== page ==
Page 3 of 3   <      

U.N. Nuclear Agency Reports Iran to Security Council

Anticipating the IAEA vote, Iranian President Ahmadinejad accused nuclear powers of trying to impose "scientific apartheid" and said they were ruining the reputation of the IAEA.

At a news conference Friday, the hard-line leader said a few nuclear powers were trying to "dictate their policies . . . from a domineering position, assuming that the Middle Ages' relations are still valid. But they had better wake up from that long sleep, because otherwise the severe blow of the world nations on their faces would wake them up."

In a direct appeal to non-aligned countries that account for 16 of the 35 seats on the board, Ahmadinejad said, "The hegemonic powers assume if they would manage to block Iran's path, they would also succeed in blocking the other nations' path."

Former president Ali Akbar Hashemi Rafsanjani, who heads Iran's powerful Guardian Council, delivered a separate warning during Friday prayers at Tehran University, the marquee podium for the conservative clerics who hold ultimate power in Iran.

"We have acquired some knowledge, and we intend to utilize it to improve our life and that of others," Rafsanjani said, emphasizing Iran's right to develop nuclear power to generate energy. "No matter where a progress in knowledge is achieved, it will benefit mankind. However, should they treat us in this manner, then the problems will take another shape."

Last year, Iran's conservative parliament passed a bill requiring the government to resume industrial-scale uranium enrichment if the IAEA pushed the issue to the Security Council. However, Iran's supreme leader, Ayatollah Ali Khamenei, holds ultimate authority in Iran, and he has guided Iran's nuclear policy though the Supreme National Security Council, chaired by Larijani.

As signatory of the Non-Proliferation Treaty, Iran has the right to develop nuclear technology and to enrich uranium, which can be used for the production of energy or, if highly enriched, to manufacture atomic bombs. But the country became enmeshed in controversy in 2002 after Iranian dissidents disclosed that the government had concealed its nuclear programs for almost two decades. Iran suspended the most controversial parts of its activities, and European diplomats agreed not to pursue Security Council action while they conducted intensive negotiations to ensure that Iran's program was and would remain strictly peaceful.

The negotiations floundered in August when Iran resumed uranium conversion, and again in January when it launched uranium enrichment activities, prompting the Europeans to declare their negotiations at an impasse and to begin a drive, which U.S. officials say was long overdue, to report Iran to the Security Council.

In recent months, international inspectors have found some documents in Iran that were related to bomb-making, but no evidence of a bomb-making program. They complain, however, that Iran has not provided the information or access to people, documents and facilities to make a solid determination one way or the other.

Recent provocative comments from Ahmadinejad -- including questioning the Holocaust, saying Israel should be "wiped off the map" and offering to transfer nuclear know-how to other Islamic countries -- increased concern about Iran's intentions and raised the pressure for the IAEA board to demand tougher confidence-building measures.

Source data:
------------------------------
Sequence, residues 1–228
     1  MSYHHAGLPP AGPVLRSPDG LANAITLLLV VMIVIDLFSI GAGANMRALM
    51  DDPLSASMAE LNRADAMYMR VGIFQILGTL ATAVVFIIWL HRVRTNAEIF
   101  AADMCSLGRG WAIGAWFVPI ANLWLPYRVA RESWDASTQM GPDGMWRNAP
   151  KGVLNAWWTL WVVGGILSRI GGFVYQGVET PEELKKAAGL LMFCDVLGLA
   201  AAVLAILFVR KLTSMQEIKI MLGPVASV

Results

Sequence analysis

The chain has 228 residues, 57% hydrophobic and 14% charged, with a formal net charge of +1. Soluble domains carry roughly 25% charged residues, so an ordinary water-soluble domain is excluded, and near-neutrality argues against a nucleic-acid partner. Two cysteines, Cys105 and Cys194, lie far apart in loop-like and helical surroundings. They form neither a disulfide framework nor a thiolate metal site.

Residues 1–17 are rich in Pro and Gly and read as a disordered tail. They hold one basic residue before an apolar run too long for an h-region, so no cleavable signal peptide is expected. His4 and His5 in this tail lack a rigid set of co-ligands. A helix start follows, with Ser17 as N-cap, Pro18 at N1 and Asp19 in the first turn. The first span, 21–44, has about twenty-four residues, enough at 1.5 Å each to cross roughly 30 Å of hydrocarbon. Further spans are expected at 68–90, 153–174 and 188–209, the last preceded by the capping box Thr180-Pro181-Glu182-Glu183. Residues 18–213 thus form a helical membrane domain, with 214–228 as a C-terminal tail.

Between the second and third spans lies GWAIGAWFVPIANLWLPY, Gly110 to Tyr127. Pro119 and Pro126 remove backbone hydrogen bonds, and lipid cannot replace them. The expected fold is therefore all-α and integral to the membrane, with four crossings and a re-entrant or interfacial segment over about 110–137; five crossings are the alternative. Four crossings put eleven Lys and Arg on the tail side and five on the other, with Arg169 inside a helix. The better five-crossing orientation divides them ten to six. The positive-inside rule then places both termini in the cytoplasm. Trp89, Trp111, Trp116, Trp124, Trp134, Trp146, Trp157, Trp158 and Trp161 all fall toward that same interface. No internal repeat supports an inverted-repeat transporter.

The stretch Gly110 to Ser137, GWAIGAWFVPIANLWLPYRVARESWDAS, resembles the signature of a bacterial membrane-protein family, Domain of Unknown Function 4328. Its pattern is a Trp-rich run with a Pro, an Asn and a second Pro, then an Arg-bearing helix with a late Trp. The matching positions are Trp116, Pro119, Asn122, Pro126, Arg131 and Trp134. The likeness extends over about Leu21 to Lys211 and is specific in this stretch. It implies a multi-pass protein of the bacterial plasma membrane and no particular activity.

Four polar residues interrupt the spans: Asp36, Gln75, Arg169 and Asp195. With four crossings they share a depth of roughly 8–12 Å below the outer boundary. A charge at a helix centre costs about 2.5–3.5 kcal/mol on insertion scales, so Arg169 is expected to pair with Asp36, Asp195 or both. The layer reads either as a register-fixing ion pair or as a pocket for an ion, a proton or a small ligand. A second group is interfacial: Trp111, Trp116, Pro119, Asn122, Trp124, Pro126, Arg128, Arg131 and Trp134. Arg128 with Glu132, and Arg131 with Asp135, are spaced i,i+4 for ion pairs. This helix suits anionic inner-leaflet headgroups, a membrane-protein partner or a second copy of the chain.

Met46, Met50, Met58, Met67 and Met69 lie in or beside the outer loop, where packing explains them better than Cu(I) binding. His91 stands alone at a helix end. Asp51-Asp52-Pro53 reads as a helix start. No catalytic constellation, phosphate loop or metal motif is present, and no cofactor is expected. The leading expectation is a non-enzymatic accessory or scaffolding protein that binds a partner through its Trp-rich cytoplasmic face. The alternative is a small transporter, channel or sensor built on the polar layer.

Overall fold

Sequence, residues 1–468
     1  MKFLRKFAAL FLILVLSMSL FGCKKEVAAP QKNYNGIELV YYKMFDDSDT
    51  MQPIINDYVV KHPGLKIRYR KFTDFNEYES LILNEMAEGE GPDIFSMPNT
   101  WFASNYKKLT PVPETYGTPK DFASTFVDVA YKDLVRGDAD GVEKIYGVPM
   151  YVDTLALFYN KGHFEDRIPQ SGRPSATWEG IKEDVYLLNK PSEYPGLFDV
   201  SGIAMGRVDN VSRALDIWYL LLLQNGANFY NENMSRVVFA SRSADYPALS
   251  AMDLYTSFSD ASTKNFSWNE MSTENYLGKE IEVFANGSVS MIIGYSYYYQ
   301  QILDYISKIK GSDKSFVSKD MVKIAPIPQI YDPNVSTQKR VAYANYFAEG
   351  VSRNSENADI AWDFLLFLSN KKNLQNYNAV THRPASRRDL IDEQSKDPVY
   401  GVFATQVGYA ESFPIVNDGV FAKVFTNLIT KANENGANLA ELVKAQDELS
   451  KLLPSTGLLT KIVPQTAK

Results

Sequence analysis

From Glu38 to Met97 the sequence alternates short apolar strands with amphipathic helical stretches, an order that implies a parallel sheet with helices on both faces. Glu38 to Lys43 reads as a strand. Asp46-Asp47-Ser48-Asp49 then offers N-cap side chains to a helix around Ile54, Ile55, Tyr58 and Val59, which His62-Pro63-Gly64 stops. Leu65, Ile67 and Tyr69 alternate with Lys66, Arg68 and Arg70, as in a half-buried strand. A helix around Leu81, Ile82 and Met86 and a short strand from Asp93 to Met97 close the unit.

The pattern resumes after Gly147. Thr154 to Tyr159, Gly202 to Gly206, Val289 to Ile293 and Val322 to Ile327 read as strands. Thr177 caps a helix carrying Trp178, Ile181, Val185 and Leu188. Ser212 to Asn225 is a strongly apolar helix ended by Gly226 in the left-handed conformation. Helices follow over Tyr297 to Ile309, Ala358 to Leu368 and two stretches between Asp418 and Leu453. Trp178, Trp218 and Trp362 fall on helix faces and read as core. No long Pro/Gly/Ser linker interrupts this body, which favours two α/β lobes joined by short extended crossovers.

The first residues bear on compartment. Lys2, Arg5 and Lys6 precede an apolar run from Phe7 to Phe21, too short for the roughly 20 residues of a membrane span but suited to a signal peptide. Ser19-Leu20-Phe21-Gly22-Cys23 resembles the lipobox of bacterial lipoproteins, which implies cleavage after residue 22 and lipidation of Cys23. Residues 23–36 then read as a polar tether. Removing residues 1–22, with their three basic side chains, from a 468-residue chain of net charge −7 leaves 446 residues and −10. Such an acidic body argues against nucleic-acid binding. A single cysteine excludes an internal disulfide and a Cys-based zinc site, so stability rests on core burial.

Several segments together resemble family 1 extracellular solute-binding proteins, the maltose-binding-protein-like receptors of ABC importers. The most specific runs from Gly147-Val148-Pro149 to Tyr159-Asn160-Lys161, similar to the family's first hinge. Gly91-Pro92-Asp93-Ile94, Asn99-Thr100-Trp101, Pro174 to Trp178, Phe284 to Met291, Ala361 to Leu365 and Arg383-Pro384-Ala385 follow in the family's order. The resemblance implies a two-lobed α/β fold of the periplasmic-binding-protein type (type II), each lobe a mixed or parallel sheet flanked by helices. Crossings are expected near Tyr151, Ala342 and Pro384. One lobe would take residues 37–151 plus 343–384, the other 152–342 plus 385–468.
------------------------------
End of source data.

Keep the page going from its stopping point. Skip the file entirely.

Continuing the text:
Several factors contributed to the IAEA board's lopsided vote, including the agreement earlier this week between the United States, Britain, France, Russia and China -- the five permanent members of the Security Council -- to give Iran a one-month grace period to adopt a more conciliatory approach.

The final resolution removed any reference to Iran's "non-compliance" with its nuclear treaty obligations and the article of the Non-Proliferation Treaty that it has violated. While that softened the resolution on its face, U.S. officials felt that it did not really matter because the document explicitly forwards a board resolution from last September that found Iran in violation of the NPT.

In an effort to win backing from 16 members of the Non-Aligned Movement, a group dating from the Cold War, the resolution included a paragraph "recognizing that a solution to the Iranian issue would contribute to global non-proliferation efforts and realizing the objective of a Middle East free of weapons of mass destruction, including their means of delivery." The language significantly softened the movement's demand for a reference to creating a nuclear-weapons-free zone in the Middle East, which the United States saw as a slap at Israel.

The resolution also is ambiguous about whether the IAEA board must act again after the one-month grace period in order to officially request Security Council action. The United States believes the resolution places the entire Iran issue on the council's table. But other countries -- including many from the Non-Aligned Movement -- hold the view that the resolution only informed the Security Council of the Iran problem, and that the IAEA board must vote again in another month if it wants the council to take action.

The confusion allowed everybody to interpret the issue as they saw fit for Saturday's vote, but creates a potential problem down the road.

Kessler reported from Washington. Correspondent Karl Vick contributed to this report from Istanbul.

<          3

© 2006 The Washington Post Company